In the January 2, 1915, issue: Irvin S. Cobb predicts the end of walled forts as protection after witnessing the destructive power of the Krupp cannon.
In the Rut of War
By Irvin S. Cobb
While the war was introducing new weaponry such as the airplane and poison gas, it was sweeping away some of the old standards of warfare. For centuries, the nations of Europe had relied on massive forts to defend their borders and cities. Their high, thick walls had long sheltered their armies and populations from enemy attacks. But the science of artillery changed that in 1915. Germany’s new cannon made raised fortifications obsolete.
Popularly called “Big Bertha,” the Krupp cannon (pictured at right) could level forts from a distance of 8 miles away. In his January 2 article “In the Rut of War,” Cobb reported his impressions upon seeing craters in Belgium that were made by the German weapon’s 42-centimeter shells:
“We were filled with astonishment, first, that [a shell], weighing upward of a ton, could be so constructed that it would penetrate thus far into firm and solid earth before it exploded; and, second, that it could make such a neat saucer of a hole when it did explode. Of the [displaced] earth … no sign remained. It was not heaped up about the lips of the funnel; it was not visibly scattered over the furrows of that truck field. So far as we might tell it was utterly gone.”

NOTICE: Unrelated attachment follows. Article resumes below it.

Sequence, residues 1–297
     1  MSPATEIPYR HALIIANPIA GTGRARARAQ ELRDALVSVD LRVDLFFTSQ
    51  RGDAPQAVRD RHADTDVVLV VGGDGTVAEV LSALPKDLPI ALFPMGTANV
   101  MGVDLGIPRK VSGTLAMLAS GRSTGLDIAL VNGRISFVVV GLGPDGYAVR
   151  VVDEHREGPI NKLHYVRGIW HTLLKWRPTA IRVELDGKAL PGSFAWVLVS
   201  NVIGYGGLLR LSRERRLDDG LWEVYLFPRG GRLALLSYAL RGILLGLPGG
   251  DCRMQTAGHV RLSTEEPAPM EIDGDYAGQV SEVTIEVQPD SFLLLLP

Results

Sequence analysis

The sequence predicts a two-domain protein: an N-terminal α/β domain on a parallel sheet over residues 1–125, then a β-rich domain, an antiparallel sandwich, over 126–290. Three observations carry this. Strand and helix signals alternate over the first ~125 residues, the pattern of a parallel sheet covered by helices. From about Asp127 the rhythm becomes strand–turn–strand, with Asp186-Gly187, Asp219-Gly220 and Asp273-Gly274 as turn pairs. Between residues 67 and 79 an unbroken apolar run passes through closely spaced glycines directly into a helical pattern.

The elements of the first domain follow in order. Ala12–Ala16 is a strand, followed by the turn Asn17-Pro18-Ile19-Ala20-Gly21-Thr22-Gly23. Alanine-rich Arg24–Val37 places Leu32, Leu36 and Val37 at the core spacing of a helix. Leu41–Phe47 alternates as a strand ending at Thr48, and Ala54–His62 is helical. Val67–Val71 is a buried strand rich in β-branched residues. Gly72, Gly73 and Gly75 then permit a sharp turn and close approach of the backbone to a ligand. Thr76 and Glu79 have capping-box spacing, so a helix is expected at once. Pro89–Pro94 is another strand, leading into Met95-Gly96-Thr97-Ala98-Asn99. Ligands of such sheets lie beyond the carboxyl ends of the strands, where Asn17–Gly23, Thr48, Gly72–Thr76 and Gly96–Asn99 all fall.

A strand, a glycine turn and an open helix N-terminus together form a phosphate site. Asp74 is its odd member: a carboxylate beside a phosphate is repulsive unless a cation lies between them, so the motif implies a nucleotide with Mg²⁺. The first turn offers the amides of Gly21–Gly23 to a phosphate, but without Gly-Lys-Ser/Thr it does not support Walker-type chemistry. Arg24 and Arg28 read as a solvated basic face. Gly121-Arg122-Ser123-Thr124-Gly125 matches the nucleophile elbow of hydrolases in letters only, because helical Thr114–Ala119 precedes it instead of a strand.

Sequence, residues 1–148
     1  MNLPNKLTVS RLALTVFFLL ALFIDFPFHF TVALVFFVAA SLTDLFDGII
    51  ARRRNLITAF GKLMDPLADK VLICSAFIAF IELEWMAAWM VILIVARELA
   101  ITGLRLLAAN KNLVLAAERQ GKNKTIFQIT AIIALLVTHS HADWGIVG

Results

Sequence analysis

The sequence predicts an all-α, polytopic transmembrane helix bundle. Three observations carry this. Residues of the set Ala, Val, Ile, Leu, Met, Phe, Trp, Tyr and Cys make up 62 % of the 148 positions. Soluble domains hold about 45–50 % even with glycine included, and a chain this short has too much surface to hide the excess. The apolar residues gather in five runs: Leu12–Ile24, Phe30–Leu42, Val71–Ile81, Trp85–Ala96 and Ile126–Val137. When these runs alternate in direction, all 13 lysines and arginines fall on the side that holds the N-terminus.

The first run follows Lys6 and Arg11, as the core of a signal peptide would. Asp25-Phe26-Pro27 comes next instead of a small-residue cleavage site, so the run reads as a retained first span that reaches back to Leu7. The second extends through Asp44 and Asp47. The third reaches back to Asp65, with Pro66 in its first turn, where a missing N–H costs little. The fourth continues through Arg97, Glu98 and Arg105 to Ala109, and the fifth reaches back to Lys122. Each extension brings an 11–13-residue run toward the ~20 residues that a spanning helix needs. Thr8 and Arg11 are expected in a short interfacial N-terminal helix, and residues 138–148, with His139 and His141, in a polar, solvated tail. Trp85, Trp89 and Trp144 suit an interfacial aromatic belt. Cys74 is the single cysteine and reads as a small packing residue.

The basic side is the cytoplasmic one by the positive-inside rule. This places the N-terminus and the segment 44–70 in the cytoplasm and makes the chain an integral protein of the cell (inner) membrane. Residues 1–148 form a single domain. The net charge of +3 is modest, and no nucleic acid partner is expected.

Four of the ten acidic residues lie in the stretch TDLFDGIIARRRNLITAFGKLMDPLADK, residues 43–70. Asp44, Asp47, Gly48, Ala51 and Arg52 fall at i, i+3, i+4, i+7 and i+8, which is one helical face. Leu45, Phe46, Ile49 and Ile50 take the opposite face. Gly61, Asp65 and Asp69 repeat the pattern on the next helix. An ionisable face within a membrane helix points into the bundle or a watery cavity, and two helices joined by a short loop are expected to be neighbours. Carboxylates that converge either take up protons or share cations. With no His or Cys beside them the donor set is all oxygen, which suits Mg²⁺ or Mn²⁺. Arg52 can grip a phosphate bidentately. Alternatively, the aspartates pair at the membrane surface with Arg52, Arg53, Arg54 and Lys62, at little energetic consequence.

He had already learned that German artillery had destroyed the massive Belgian fort at Liege when he visited the remains of Fort de Loncin.
“I would have said it was some cosmic force, some convulsion of natural forces, and not an agency of human devisement that turned Fort Loncin inside out, and transformed it within a space of hours from a supposedly impregnable stronghold into a hodgepodge of complete and hideous ruination.”
Seeing this destructive power, Cobb felt confident predicting that “the day of the modern walled fort is over and done with.”
“I believe in future great wars … that the nations involved, instead of buttoning their frontiers down with great fortresses and ringing their principal cities about with circles of protecting works, will put their trust more and more in transportable cannon of a caliber and a projecting force greater than any yet built or planned.”
For the most part, he was correct. Most armies abandoned the use of forts after the war. France took a little longer to learn the lesson. It put its faith, and its army, inside elaborate defenses called the Maginot Line, which lined its border with Germany. It was meant to protect the country from any further German invasion. When the next war came, though, the Germans simply drove around it, entering France through Belgium and Luxembourg, where the Maginot Line was weakest.
Step into 1915 with a peek at these pages from The Saturday Evening Post January 2, 1915 issue.
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